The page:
Today was a very difficult day for me…and, I’m sure, more so for my baby goats.
(Just to catch you up, on the second half of our vacation– which was so relaxing and wonderfully uneventful that I decided not to write a “part 2” post- our friend sent us home with two new adorable baby goat kids. Here are the pictures first day and the ride home with us.)
So…the sad part. Today we had to disbud our babies. This means we had to have their horns burned off. Yes, it is as horrible as it sounds. They use a special hot iron to burn and kill the nerves in their horns and skull so they don’t grow. Why would we do such a thing to a precious creature? Well, some decide to let goat horns grow, but most homesteaders disbud because horns can be very dangerous for a goat. They spend their lives literally head-butting (like when they head-butt the bottle I’m feeding them with and the nipple pops off and spills the milk all over me and the goat!) Curious little goats with horns can get caught in things like fences, etc., and even get killed. They can also harm other animals or MY CHILDREN with their strong and sharp horns. So, I believe it is the better choice to disbud.
I took them to a wonderful local farm store and had the extremely experienced owner do the dirty work. She had one of her interns help her and one of my babies thanked her by peeing on her jeans by her crotch…which I’m sure was her only planned outfit for her full day of work. (Sorry!)
You have to use full force to hold the goat down and press the hot iron over their little horn bud. First you burn off the cap of the horn, then get the iron firmly down around the horn to ensure the job is done. Sometimes partial horns will grow through if the horn if it isn’t completely burned down, which you definitely don’t want!
Yes, the goats cry. Yes, it is the most horrible smell and sound ever. (Honestly, I couldn’t help but think about circumcising baby boys during this process. I do not discuss this issue on my blog, and have not faced this decision personally yet as I only have girls. You are welcomed to comment about it if you want, but I won’t discuss it…mainly because it is too much of a controversial issue that I have no experience in.)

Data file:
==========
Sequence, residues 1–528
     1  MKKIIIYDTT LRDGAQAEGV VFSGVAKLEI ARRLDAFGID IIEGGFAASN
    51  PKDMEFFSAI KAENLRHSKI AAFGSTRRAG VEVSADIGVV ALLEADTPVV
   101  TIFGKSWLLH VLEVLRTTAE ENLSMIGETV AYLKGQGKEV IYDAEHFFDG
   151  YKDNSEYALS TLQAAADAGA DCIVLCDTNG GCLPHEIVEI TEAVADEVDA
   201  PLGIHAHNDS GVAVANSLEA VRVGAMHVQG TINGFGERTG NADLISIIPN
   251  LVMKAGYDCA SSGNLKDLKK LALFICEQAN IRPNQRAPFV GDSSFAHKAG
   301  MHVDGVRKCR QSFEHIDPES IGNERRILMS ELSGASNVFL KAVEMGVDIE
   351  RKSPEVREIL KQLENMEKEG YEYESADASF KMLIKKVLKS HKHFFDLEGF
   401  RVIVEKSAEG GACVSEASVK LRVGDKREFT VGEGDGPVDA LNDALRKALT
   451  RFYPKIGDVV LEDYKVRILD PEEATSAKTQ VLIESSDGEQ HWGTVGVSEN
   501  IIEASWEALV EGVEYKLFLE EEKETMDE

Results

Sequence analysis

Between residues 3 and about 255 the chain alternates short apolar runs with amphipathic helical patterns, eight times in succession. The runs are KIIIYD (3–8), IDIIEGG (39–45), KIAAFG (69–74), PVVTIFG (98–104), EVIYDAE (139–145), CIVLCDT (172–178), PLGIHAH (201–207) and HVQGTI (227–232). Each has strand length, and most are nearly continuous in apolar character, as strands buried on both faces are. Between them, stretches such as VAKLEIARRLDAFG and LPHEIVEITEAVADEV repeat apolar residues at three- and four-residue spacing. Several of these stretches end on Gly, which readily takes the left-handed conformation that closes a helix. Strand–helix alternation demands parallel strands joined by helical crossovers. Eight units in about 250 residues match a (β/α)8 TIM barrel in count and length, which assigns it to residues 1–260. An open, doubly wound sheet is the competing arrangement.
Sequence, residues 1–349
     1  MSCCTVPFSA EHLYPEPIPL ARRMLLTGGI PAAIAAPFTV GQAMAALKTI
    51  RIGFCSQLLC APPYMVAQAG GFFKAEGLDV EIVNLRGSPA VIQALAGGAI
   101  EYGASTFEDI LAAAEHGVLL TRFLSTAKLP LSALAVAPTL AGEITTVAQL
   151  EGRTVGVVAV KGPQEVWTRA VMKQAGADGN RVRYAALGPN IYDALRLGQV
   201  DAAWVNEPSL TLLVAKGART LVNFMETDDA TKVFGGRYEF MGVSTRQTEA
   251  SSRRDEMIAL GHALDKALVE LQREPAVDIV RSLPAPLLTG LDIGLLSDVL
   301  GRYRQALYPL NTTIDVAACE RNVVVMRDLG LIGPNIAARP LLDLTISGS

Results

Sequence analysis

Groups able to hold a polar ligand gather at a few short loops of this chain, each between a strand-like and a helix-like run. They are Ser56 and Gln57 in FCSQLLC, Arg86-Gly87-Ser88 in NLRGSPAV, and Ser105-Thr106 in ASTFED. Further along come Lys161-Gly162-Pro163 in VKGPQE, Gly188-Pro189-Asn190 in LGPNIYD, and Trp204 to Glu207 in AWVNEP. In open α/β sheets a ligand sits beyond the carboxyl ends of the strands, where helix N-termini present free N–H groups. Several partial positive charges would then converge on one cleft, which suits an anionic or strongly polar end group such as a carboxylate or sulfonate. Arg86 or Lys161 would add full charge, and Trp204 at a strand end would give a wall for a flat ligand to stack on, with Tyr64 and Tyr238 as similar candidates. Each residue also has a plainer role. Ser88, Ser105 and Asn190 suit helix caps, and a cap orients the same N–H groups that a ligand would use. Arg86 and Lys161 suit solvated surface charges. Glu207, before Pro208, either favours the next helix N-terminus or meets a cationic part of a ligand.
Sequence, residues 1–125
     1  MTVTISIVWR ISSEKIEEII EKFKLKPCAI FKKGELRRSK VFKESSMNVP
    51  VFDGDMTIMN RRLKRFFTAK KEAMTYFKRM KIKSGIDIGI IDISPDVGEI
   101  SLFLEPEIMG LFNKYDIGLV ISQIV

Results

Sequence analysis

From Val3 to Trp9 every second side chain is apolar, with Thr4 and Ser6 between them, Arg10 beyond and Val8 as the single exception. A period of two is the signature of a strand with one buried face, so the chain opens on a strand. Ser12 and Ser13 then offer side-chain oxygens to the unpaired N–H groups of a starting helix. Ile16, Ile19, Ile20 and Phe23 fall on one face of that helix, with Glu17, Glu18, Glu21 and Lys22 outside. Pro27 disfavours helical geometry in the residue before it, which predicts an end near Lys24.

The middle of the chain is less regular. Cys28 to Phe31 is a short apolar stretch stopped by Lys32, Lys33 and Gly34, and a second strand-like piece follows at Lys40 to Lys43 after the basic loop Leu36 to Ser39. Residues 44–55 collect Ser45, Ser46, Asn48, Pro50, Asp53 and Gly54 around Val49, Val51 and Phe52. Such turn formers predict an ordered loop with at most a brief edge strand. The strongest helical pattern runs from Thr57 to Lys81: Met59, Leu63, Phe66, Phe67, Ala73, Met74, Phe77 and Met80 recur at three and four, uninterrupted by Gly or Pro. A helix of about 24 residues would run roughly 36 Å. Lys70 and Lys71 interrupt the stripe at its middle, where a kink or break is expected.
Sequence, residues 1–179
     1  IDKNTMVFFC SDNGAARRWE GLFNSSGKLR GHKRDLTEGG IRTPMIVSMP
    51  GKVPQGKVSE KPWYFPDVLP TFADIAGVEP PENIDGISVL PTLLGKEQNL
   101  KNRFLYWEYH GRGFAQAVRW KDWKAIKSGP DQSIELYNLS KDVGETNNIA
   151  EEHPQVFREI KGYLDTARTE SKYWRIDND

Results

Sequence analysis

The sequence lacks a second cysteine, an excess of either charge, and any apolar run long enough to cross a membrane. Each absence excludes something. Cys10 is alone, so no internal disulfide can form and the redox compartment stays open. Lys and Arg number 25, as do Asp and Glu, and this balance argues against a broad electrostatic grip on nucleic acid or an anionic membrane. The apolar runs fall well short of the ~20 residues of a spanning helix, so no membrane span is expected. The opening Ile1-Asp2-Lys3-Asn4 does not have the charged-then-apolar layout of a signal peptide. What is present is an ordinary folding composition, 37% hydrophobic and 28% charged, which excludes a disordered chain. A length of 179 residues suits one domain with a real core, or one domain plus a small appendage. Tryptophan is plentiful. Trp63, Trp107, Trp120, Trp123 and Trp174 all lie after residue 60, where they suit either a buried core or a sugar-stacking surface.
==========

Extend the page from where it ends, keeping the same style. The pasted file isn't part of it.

When the deed was done, I just took my babies and held them to love them and calm them down. They just collapsed in my arms, panting and crying in their own silent goat way. They were really just overwhelmed with pain and shock, I think, and were just unusually calm and quiet. (Sounds similar to the intactivist stuff, huh?)
This was a milestone in my life as a homesteader. I grew up in a home overly obsessed with our pets. If we’re going to be homesteaders with goats, this is a necessary evil for us. I will be doing the job next time. I hope I have enough strength when the time comes.
My daughters (4 and 1 1/2) watched the whole thing. My four year old was silent, watching with curious amazement. I’m really proud that I’m raising my children like this. They are witnessing what it takes to produce the food we eat, and the emotional strength it takes to live a more sustainable life- appreciating God’s creation and managing what He’s given us with stewardship. I pray that these experiences help them appreciate the food, land and blessings God gives them, and not take these things for granted. This is the type of life experience I believe they need to be well-balanced as they grow in this flashy and consumerist world we live in.
Do any of you raise goats and have experience with disbudding?
For homesteading-dreamers, how does this story make you feel about the idea of homesteading?